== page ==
Bits & Bytes: Primetime

Robert is talking Metroid Prime 3 this week!

By Robert Marrujo. Posted 07/11/2021 22:17 Comment on this     ShareThis

Bits & Bytes is a weekly column where Editor-in-Chief Robert shares his thoughts about video games and the industry on a lazy Sunday. Light reading for a day of rest, Bits & Bytes is short, to the point, and something to read with a nice drink.

To keep my collection of consoles in top shape, I keep them in a fairly steady rotation. At least, I try to. It’s been several years since I had my Wii plugged in and running. In fact, when Wii U launched I transferred everything from my Wii to it, so it’s probably been close to six or seven years since the last time it was turned on. I recently discovered a set of Wii component cables at a nearby thrift store, so it got me anxious to plug the system in and try it out.

Although the picture tops out at 480p, which is more or less as good as the visual quality of a DVD, everything looks way better with the component cables hooked in. I never owned an HD TV when Wii first launched, so it’s been an absolute treat taking games and trying them out with the increased fidelity. Of course, with my Wii plugged in and outputting in glorious sub-high definition, I couldn’t resist popping in one of the greatest compilations Nintendo has ever released: Metroid Prime Trilogy.

For those who don’t know or might have forgotten, Metroid Prime Trilogy features all three of the Prime games on one disc, with the first two games retrofitted with motion controls much like those found in Metroid Prime 3: Corruption. It’s been a few years since I’ve completed any of the Metroid Prime games, but the one it’s been the longest since I’ve played is Corruption. That’s where I decided to start—and man, how I’d forgotten just what a glorious game it is.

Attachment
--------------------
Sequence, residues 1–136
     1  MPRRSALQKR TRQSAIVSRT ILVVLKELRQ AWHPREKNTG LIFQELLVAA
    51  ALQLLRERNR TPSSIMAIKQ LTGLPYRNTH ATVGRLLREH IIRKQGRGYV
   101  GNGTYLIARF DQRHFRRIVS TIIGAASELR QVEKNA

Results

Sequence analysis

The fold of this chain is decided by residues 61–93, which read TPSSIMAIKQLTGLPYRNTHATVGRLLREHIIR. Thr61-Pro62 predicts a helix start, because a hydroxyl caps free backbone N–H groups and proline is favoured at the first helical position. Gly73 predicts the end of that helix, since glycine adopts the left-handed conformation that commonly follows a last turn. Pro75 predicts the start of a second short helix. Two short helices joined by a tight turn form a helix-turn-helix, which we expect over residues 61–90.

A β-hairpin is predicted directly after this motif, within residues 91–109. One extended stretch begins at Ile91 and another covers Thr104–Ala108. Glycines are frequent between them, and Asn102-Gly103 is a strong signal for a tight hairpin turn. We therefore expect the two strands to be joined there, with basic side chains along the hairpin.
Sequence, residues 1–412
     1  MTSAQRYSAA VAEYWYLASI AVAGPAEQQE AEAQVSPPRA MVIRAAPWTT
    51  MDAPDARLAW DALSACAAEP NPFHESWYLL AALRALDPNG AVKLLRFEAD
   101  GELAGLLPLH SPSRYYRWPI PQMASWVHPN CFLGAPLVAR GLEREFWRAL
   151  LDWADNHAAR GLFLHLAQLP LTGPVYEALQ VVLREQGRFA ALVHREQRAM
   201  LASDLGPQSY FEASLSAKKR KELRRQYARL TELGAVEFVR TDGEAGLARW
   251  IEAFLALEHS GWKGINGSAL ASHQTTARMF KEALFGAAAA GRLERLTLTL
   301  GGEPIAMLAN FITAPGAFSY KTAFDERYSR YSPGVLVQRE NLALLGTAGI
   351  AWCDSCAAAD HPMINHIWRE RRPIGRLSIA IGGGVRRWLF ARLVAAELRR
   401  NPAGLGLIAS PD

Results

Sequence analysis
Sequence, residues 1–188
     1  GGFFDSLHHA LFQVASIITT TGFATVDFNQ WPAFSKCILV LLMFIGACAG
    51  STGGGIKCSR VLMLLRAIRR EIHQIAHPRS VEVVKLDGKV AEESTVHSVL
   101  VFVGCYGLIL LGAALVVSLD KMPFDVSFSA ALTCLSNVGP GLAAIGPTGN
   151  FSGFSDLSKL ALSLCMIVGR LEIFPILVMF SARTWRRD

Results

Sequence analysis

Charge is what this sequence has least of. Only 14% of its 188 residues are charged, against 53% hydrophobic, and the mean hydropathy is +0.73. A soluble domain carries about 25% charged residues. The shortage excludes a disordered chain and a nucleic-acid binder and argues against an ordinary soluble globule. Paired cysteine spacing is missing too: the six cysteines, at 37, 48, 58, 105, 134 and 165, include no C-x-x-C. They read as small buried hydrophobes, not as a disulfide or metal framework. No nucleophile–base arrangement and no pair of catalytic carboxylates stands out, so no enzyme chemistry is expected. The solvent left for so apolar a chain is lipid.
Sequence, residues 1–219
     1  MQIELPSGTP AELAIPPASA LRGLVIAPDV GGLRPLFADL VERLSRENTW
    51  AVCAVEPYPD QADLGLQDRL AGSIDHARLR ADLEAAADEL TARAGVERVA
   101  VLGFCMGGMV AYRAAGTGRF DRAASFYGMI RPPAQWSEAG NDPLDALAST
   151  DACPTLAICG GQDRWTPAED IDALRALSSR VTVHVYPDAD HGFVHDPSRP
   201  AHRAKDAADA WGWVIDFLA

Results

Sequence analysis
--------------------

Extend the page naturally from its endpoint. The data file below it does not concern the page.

Prime 3 stuns. And not just because of the beautiful art direction, or the unforgettable surprise entrance of Omega Ridley towards the end of the game. No—it’s all about the control scheme. While many people liken motion controls to nothing more than a gimmick, developer Retro Studios’ incorporation of the Wii Remote is so much more than that. Flicking the Nunchuk to grapple foes and objects adds a visceral sense of physicality that is unique to Prime 3. Aiming is a breeze, but it’s the little stuff like manipulating door controls, pulling out energy cells, and activating the boosters on the Gunship that really stand out.

Prime 3 launched 14 year ago, but feels as fresh and exciting as anything available today. After beating it, I can’t help but wonder if Retro is going to be bringing the series back to traditional controls for Metroid Prime 4. I suspect it has to be—Nintendo likely isn’t going to want to cut off Switch Lite owners, at least if Skyward Sword HD is any kind of indicator—but part of me wishes this wasn’t the case. I’d love to see Retro expand upon what it did with Prime 3. It’s arguably the most exciting entry in the entire trilogy. Imagine how much more precise and tight the control scheme would be with a pair of Joy-Con in hand. And HD rumble? The possibilities seem so endless.

Ah, well. I’ll just have to get my waggling fix from my Wii games, I guess.

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